Translating Israel’s environmental laws into English will not only benefit policy professionals and academics, but also environmentally conscious English-speaking laymen in Israel and abroad. English is the language spoken by the largest segment of the Jewish Diaspora. Immigrants from English-speaking countries already have played a significant role in establishing environmental groups dedicated issue-specific campaigns, continuous programs and even educational institutions. Such institutions range from well-known Israel Union for Environmental Defense (Adam Teva V’Din) and the Arava Institute for Environmental Studies to smaller non-profits such as the urban agriculture group Earth’s Promise in Be’er Sheva. Moreover, Jews in English-speaking countries, are a significant source of funding for many environmental non-profits in Israel. Increasing the English-speaking Jewish community’s knowledge of Israel’s environmental issues will translate into improved effectiveness of activists and supporters from this community, who already plays an outsized role in promoting environmental initiatives in Israel.

The Environmental Protection Ministry could claim that it simply does not have the budget to fund such a project, as the ministry’s total budget is less than a quarter of one percent of the government spending. However, there already is a piece of legislation in the Knesset that would resolve this issue without taking a dime from the ministry’s stretched budget. It is called the Language Accessibility of Internet Sites Bill and was drafted with the help of two civic empowerment non-profits Yedid: The Association for Community Empowerment and Sikkuy: The Association for the Advancement of Civic Equality in Israel. The bill had broad support and was sponsored by Knesset members from across the political spectrum, including Jews and Arabs, native-born Israelis and immigrants, religious and secular and those considered on the political right and left. Parliamentarians from the Labor Party, Kadima. Likud, Shas, Habayit Hayehudi, Meretz and Hadash all came out to advance the bill.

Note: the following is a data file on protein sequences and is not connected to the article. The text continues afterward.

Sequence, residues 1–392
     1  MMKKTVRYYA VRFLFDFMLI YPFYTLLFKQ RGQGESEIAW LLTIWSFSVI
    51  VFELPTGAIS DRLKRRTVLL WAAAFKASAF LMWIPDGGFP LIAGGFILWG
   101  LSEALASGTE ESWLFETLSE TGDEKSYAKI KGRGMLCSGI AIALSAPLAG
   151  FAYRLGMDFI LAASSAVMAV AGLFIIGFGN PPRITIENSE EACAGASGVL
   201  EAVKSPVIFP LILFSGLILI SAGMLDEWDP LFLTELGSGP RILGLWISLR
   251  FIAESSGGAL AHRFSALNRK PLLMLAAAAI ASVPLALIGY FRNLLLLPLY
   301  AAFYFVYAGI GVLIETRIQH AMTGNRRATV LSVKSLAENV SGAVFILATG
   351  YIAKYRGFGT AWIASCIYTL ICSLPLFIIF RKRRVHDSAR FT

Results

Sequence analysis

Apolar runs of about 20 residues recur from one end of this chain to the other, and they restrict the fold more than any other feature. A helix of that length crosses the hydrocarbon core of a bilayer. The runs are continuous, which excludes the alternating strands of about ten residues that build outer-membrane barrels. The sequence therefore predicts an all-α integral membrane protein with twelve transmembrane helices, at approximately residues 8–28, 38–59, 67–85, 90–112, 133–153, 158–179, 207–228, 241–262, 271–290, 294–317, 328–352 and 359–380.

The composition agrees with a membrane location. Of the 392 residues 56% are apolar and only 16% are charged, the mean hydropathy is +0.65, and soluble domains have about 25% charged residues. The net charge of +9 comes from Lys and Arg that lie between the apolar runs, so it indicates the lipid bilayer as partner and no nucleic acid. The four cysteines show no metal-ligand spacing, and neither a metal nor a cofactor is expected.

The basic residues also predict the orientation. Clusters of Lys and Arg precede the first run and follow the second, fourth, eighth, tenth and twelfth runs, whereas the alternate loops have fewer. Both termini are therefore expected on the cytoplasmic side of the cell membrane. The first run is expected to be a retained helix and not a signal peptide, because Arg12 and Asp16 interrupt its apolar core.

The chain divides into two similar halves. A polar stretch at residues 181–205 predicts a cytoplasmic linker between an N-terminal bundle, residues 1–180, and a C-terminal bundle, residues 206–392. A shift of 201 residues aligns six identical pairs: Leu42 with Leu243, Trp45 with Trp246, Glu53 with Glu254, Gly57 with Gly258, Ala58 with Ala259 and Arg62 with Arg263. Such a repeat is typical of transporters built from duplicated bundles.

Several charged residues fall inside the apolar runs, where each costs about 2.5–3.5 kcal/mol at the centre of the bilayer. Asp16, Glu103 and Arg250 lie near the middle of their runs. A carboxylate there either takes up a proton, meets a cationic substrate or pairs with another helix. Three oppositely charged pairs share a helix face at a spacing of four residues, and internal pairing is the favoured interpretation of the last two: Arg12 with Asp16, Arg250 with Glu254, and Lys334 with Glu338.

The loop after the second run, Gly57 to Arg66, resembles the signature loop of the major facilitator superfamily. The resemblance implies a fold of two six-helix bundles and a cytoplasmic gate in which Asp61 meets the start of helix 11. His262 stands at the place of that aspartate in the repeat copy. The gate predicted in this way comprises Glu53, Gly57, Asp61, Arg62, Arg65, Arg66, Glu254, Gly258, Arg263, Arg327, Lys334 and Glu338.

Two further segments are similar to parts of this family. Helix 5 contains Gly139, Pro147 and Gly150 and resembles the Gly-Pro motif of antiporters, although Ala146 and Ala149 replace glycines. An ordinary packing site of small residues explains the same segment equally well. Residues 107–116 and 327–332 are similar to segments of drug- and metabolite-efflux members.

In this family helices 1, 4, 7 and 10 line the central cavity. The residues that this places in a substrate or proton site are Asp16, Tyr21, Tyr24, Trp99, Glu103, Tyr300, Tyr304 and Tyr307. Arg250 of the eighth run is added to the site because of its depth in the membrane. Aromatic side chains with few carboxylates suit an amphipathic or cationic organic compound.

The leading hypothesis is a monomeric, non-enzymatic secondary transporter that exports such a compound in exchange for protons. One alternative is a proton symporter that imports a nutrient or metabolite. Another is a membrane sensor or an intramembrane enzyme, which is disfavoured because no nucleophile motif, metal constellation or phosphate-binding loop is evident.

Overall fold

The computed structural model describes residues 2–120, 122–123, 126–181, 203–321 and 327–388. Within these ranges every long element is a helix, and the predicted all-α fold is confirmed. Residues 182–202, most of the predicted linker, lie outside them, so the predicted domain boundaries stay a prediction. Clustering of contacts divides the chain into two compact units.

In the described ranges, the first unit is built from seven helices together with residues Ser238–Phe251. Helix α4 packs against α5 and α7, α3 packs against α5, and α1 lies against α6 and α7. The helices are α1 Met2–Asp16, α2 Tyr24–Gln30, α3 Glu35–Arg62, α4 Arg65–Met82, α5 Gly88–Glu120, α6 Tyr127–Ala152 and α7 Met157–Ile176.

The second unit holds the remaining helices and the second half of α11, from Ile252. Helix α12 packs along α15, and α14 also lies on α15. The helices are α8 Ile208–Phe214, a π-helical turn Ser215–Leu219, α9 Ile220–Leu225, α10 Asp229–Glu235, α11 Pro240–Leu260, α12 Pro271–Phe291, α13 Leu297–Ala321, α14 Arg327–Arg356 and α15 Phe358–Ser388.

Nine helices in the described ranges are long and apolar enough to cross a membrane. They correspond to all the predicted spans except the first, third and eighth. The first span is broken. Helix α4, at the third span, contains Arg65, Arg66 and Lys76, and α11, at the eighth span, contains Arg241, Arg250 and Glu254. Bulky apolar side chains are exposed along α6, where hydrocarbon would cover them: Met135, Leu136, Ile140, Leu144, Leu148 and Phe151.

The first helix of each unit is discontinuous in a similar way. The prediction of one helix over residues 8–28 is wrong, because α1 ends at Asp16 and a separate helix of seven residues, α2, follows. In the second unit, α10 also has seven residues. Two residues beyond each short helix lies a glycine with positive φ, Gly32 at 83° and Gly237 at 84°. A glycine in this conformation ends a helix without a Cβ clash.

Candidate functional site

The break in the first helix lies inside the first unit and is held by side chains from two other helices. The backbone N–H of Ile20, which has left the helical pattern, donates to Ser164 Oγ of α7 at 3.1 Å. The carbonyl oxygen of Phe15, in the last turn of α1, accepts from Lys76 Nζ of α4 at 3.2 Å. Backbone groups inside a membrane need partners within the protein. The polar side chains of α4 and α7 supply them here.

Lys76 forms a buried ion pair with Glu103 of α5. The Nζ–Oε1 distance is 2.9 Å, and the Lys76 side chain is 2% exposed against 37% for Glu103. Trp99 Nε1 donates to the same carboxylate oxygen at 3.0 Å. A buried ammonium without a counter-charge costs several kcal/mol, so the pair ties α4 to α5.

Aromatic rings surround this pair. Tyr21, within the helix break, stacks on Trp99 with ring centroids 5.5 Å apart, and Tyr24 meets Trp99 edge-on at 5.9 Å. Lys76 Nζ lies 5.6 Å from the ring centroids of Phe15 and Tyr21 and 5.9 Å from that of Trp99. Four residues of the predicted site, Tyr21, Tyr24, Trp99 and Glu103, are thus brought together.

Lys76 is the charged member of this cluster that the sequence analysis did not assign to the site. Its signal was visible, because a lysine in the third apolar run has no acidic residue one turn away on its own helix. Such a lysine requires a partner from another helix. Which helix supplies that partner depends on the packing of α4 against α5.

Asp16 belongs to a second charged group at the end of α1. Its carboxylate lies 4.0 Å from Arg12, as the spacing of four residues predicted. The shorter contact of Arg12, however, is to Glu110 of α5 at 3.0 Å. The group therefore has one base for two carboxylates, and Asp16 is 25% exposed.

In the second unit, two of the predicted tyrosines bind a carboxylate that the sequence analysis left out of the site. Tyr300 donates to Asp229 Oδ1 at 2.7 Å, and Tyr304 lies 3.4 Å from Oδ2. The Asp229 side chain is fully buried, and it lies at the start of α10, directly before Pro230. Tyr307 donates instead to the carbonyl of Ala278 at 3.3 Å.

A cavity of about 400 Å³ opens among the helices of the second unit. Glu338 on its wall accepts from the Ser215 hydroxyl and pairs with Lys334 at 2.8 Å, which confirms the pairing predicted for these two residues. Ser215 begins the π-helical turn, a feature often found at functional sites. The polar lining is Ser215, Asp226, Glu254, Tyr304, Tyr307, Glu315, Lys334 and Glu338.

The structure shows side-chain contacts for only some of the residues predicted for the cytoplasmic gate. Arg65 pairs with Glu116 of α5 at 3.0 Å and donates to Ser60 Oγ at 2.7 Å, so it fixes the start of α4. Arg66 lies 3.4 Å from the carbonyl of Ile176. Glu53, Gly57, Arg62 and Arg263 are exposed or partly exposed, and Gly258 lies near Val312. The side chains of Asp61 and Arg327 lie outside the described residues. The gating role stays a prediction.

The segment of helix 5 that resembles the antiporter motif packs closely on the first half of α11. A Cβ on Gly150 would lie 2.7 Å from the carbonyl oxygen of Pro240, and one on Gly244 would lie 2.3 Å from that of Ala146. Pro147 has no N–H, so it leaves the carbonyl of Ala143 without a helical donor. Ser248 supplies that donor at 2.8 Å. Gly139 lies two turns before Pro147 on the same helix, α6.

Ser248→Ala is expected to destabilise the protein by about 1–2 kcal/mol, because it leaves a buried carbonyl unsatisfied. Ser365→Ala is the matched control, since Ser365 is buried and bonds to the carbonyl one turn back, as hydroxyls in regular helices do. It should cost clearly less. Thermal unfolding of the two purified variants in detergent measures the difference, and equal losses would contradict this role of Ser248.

The proposed law would obligate every public body to translate its website into Arabic and other additional languages or provide a link to translation software that will enable translation of the material at user’s request for free. To comply with the law, 90 percent of a website’s static content and 50 percent of its dynamic content must be translated. Public bodies would also be obligated to regularly update information on their websites in Israel’s official languages and additional languages determined by the justice minister. The translation of dynamic information on websites must be done within 48 hours of the original Hebrew information being uploaded onto the site.

However, for reasons that remain unclear the bill was not to put to a preliminary Knesset vote that would have transferred it to a Knesset committee for discussion and then a plenum vote, either when it was proposed in July 2012 during the 18th Knesset or when it was reintroduced last April during the term of the current Knesset.

This is certainly a cause that should be taken up by pro-environment Zionist organizations abroad as well as politicians representing Israel’s Anglo community.

The writer is a journalist and graduate of Tel Aviv University’s Masters Program in public policy. He can be reached through his website: http://ronenshnidman.wix.com/journalism

About the Author
Ronen is a journalist as well as an experienced Hebrew-English translator. He has also written for JTA, JNS, Haaretz, The Forward and The Jerusalem Post.